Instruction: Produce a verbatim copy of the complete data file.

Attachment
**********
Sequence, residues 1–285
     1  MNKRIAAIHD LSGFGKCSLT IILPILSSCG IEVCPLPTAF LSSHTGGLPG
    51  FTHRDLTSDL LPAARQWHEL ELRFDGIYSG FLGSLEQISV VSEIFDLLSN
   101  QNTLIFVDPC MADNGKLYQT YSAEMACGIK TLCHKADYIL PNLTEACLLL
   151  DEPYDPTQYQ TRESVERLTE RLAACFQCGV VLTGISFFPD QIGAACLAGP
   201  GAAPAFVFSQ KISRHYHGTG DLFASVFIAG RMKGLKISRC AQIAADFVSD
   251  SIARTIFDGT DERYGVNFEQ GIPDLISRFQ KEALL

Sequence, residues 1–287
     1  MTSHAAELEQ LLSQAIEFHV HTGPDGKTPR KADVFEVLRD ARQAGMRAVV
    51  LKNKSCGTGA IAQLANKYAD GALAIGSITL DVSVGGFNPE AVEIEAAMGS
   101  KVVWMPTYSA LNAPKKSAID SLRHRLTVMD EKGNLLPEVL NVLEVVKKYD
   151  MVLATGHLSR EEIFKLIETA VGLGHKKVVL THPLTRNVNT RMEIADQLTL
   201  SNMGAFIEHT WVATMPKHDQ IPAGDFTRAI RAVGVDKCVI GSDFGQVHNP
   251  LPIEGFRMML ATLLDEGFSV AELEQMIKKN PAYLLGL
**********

Sequence, residues 1–285
     1  MNKRIAAIHD LSGFGKCSLT IILPILSSCG IEVCPLPTAF LSSHTGGLPG
    51  FTHRDLTSDL LPAARQWHEL ELRFDGIYSG FLGSLEQISV VSEIFDLLSN
   101  QNTLIFVDPC MADNGKLYQT YSAEMACGIK TLCHKADYIL PNLTEACLLL
   151  DEPYDPTQYQ TRESVERLTE RLAACFQCGV VLTGISFFPD QIGAACLAGP
   201  GAAPAFVFSQ KISRHYHGTG DLFASVFIAG RMKGLKISRC AQIAADFVSD
   251  SIARTIFDGT DERYGVNFEQ GIPDLISRFQ KEALL

Sequence, residues 1–287
     1  MTSHAAELEQ LLSQAIEFHV HTGPDGKTPR KADVFEVLRD ARQAGMRAVV
    51  LKNKSCGTGA IAQLANKYAD GALAIGSITL DVSVGGFNPE AVEIEAAMGS
   101  KVVWMPTYSA LNAPKKSAID SLRHRLTVMD EKGNLLPEVL NVLEVVKKYD
   151  MVLATGHLSR EEIFKLIETA VGLGHKKVVL THPLTRNVNT RMEIADQLTL
   201  SNMGAFIEHT WVATMPKHDQ IPAGDFTRAI RAVGVDKCVI GSDFGQVHNP
   251  LPIEGFRMML ATLLDEGFSV AELEQMIKKN PAYLLGL